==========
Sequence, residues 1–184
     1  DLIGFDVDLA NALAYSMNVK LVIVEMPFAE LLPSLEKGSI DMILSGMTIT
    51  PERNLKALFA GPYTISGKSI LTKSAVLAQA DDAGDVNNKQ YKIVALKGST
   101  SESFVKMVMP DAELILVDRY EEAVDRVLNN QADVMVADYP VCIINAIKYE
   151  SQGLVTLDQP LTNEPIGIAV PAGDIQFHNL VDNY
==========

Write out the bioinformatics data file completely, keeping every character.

Sequence, residues 1–184
     1  DLIGFDVDLA NALAYSMNVK LVIVEMPFAE LLPSLEKGSI DMILSGMTIT
    51  PERNLKALFA GPYTISGKSI LTKSAVLAQA DDAGDVNNKQ YKIVALKGST
   101  SESFVKMVMP DAELILVDRY EEAVDRVLNN QADVMVADYP VCIINAIKYE
   151  SQGLVTLDQP LTNEPIGIAV PAGDIQFHNL VDNY